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May Term Course: Quantitative Fluorescence Microscopy

GCD 8111*/GCD 5111

Dates: May 18 – June 5 (Tu/W/Th/Fr)

Time: 9 a.m. – 1 p.m. (3 credits: A-F) 2-138 MCB (3 week intensive lab course)

Instructor: Sivaraj (Shiv) Sivaramakrishnan (sivaraj@umn.edu)

Course Notes: Graduate students – email instructor about summer/fall enrollment. This course does not conflict with GCD 8171 Literature Analysis 

Course Details

All you ever wanted to know about microscopy and data analysis but were too afraid to ask. You will take microscopes apart (literally) and learn about all the components and settings on common fluorescence microscopes. You will learn the basics of fluorescence and how to select fluorescent proteins and dyes for multi-color imaging. You will learn to use FIJI to analyze number, size, shape, and colocalization using published image data. You will walk away microscopy literate and ready to take control of your primary research data!

Why take it?

  • Learn to use microscopes and quantitatively analyze data. You will have access to fully functional epi-fluorescence microscopes during the entire course.
  • All lab assignments, data analysis, and exam presentations will be completed during the 4 hr morning session (no additional work!).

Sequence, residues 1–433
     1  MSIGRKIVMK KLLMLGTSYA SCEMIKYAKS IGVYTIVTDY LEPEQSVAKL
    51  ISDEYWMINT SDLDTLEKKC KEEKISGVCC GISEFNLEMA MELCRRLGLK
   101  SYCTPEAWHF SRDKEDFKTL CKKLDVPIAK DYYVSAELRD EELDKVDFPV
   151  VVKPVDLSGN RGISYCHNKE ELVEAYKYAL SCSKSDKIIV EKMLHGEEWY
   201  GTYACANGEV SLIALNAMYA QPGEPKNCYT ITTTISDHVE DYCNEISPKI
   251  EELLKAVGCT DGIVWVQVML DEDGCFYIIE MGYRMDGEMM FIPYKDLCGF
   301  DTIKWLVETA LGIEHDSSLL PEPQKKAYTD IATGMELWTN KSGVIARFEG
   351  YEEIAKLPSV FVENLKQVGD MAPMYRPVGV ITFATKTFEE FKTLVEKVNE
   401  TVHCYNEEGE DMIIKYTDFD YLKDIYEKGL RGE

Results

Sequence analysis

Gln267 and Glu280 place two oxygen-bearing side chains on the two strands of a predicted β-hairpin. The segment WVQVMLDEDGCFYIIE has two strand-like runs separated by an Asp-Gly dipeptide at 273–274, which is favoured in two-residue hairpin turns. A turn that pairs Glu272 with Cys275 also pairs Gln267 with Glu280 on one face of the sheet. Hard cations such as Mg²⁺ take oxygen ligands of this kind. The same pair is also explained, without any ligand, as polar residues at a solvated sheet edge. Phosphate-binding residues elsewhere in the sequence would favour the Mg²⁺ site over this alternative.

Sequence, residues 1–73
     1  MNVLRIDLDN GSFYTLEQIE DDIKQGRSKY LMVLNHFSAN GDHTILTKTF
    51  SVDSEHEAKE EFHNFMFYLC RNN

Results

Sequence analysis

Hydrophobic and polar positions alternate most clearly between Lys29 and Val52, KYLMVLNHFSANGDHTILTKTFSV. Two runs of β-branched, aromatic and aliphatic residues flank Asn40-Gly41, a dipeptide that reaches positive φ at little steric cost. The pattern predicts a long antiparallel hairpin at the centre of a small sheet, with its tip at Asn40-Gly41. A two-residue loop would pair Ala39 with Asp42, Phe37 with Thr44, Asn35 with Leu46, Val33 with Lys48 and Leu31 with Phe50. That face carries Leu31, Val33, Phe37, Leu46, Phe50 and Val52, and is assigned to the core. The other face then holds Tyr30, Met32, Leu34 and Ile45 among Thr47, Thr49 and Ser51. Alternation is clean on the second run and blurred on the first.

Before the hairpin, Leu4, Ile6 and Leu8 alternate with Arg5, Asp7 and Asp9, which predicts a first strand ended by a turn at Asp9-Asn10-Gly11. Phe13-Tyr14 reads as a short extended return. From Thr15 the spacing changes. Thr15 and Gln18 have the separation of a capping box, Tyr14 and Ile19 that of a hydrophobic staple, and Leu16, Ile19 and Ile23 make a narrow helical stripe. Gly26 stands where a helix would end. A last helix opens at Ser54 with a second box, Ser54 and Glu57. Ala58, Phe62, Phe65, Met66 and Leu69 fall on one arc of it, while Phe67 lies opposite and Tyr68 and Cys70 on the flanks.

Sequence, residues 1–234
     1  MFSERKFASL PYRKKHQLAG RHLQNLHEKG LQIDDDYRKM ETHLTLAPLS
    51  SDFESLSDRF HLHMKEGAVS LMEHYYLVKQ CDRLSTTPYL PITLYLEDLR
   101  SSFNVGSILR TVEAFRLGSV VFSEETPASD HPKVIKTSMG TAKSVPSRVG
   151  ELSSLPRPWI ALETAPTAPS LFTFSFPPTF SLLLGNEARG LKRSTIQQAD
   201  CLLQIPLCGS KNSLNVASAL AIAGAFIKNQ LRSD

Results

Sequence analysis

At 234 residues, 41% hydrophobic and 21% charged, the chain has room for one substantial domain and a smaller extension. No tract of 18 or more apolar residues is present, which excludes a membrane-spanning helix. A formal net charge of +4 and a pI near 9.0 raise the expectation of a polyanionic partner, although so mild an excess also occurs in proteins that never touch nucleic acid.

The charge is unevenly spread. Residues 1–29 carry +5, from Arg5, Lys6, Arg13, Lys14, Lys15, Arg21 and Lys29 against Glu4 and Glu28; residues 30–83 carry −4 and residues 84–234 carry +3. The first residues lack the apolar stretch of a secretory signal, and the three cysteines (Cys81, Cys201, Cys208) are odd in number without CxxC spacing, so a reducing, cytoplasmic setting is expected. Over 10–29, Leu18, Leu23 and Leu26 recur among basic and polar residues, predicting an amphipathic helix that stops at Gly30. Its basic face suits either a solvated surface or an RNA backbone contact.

• Complete a 3 credit elective class (A-F) in 3 weeks, while learning foundational skills and information that be useful throughout your scientific career.

What do students have to say?

  • “I especially liked explanations of fundamentals that we should remember when thinking about how microscopy and photography work – knowing these will save me a lot of future headaches.”
  • “Stimulated independent learning and [the instructor] worked through problems instead of just talking at us.”
  • “I really appreciated that [we] explored data + images relevant to our current research.”
  • “Instructor was always very responsive to questions in class, which I really appreciated.”

Plankton in Lake Itasca imaged by 2018 MCSB graduate students

Plankton in Lake Itasca imaged by 2018 MCSB graduate students

Posted 
February, 2020